Consumers being the primary target of the company’s deliverable need to adopt positive brand recognition mentality of the product being marketed. Consumers also portray different tendencies on account of brand loyalty and respective service component depending on the type of product being marketed to them. Normally, social marketing strategies are pursued aim at sensitizing the consumer on the benefits of the product, which usually includes a component of corporate social responsibility. For instance, CRS initiatives demand that adequate certification and labeling requirements need to be met as determined by the jurisdiction of the international laws, which cut across various geographical boundaries on account of jurisdiction. The certification and labeling provide consumers with reliable information to make competent purchasing decisions (Hohnen, 2009). Supposing some of these parameters have not been met then this would have a potential negative impact on the attainment of CSR initiatives for that particular product. The CEOs therefore need to consult conclusively on the international law measures that need to be fulfilled especially for markets where consumers are keen on the attainment of certain issues.
Suppliers can significantly affect the company’s attainment of the desired product deliverables in as far as the CSR program is concerned. This especially with regard to their significant fulfillment of the desired brand identity. Ordinarily, the company designs its brand image with the consumer in mind and even the CRS program designed by the CEOs are fundamentally targeting the end consumer of the products and services. In addition, the attainment of CSR initiatives fundamentally depends upon the fulfillment of certain codes of conduct by the supplier. This is primarily because in most times, the suppliers are left out of the equation thus complicating the auditing exercises to assess the company’s CSR status quo. According to Hohnen (2009), “Codes of conduct are directive statements which provide guidance and prohibit certain kinds of conduct. Some are used to guide a company’s own environmental and social impacts; others focus on the impacts of their suppliers; still others apply to both” (p.238). This therefore represent some of the international law stipulations which the suppliers need to pass and will in the end form part of the CEO’s cumulative assessment regarding the attainment of CRS initiatives. Previously, significant problems have been identified regarding the trend of companies choosing international standards matching their personal interests and that of their stakeholders amid constantly increasing numbers of codes of conduct, consequently leading to their improper practice or application (Clavet et al, 2008).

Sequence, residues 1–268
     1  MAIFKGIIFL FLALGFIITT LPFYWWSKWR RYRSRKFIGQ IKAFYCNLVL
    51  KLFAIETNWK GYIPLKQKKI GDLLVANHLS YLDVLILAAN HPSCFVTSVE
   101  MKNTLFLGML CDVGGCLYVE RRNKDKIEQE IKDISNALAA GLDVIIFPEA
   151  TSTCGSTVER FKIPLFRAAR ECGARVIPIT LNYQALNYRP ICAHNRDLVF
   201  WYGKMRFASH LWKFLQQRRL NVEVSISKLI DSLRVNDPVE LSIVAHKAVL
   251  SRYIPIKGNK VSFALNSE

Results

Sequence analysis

The general public plays a significant role in giving the community’s perspective of the product, which usually includes both loyal users and non-users of the product. The assessment of whether a corporation is meeting the CRS initiatives is usually based on the achievement of a desires social auditing exercise. The general public perspective of CRS eliminates the concept of profitability. “The limits are bigger issues, such as ethics and the responsibilities required of the owners and investors. Owners and investors are not only concerned with the bottom line. Today, with the growing interest of CSR, owners and investors are looking at accountability rather than profit” (Gordon & Daniels, 2009). This same virtue is also shared by the general public domain. By virtue of this fact, the public analyses the performance of the company’s performance based on the social and environmental dynamics portrayed by the company. This has a great impact leading to the different results supposing an assessment was conducted on the public.